Odd Thought of the Day: What if greenhouse gasses are neither the only nor even the primary cause of global warming? Within the past 100 or so years, we humans have started generating a lot of heat. Burning coal, natural gas, petroleum, etc. to generate motion and electricity. All those moving parts turn motion energy into heat energy by friction as well as their combustion. What do we do with the excess heat? Dump it in the air. Car brakes are air cooled and we have radiators to shed the heat our engines create.

Also, think about refrigeration. It works by moving heat out of where you want it. Your refrigerator transports heat from the inside of the box and dumps it in the room. Air conditioners move heat from inside your house and dump it outside. Same with air conditioners in cars. Since you can't create nor destroy energy, all that heat energy has to pile up somewhere. Normally, the earth sheds it off into space and stuff. If you compound the problem by also creating a lot of greenhouse gases at the same time, we're hurting. Think about that next time you have a Coke with ice!

Tuesday, October 15, 2002

Wallace and Gromit have a new short out. It is hosted by the BBC. Check it out. Since I'm using the broadband connexion here at school, I downloaded the best res version to the laptop.

Saturday, October 12, 2002

I just finished working on Colossians 1:28 and what a neat passage that is! Paul says some very interesting things. First of all, the verse begins with "whom" referring back to Christ from the previous verse. Next, Paul says it is Him whom he preaches, admonishing and teaching all men. Some commentators take the term "admonishing" to refer to evangelism; admonishing non-believers to trust Christ, the content of Paul's preaching. Then, he teaches the church and the content of that teaching, I suppose, is undefined in this letter. But as Peter T. O'Brien points out in his excellent commentary*, the word "admonishing" is used by Paul mostly to explain his work with new Christians. So, the content of Paul's admonishing and teaching is Christ, whom he preaches.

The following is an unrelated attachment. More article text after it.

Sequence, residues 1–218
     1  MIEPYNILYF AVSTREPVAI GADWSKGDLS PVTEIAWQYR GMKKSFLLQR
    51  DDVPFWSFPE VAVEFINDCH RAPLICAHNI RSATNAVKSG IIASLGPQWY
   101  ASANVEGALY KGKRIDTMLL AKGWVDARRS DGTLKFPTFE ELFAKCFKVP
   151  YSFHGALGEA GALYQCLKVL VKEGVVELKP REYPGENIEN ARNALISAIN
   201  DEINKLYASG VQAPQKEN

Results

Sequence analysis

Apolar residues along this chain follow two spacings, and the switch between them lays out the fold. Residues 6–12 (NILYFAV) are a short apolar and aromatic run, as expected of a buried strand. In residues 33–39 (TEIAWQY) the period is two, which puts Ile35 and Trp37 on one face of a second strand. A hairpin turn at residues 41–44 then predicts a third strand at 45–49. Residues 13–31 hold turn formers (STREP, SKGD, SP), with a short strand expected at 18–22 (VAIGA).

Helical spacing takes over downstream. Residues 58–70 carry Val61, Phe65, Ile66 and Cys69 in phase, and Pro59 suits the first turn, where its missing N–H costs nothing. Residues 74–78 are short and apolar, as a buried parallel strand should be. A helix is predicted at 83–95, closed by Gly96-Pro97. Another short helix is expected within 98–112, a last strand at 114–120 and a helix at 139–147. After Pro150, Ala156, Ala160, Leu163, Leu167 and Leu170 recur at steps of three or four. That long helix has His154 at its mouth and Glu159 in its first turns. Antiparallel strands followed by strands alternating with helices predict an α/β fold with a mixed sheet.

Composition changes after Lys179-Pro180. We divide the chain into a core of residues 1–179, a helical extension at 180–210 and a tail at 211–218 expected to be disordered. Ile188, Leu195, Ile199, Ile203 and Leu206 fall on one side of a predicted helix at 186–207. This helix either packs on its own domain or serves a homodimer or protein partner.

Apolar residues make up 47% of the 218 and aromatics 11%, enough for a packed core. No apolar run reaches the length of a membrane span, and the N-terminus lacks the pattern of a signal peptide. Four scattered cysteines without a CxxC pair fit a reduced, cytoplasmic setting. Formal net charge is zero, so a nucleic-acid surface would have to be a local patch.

Next, Paul uses the term "all men" three times in this verse. It is an interesting construction. The term "all" is singular, denoting each and every one and the term "men" is a plural version of the generic term for mankind. What that indicates is that Paul is interested in each and every individual believer without respect of their class, race, social-standing, education, etc. He ends the verse pointing out that he wants to present all men "complete in Christ." O'Brien sums it up well, "as a true pastor Paul will not be satisfied with anything less that the full Christian maturity of every believer" (O'Brien, p. 90).

Two things come to my mind here. First, how many pastors and teachers would say that they don't want to present every believer complete in Christ? Not many I'd wager. Yet, when I hear preaching and teaching on the radio, so often the content is "do's and don't's" or "principles" or examples. Let's take Paul's lead here and preach Christ and Him crucified because that will lead believers to full maturity (1Co 2:2, 2Pt 1:3). The more you know about Jesus, the more mature you become.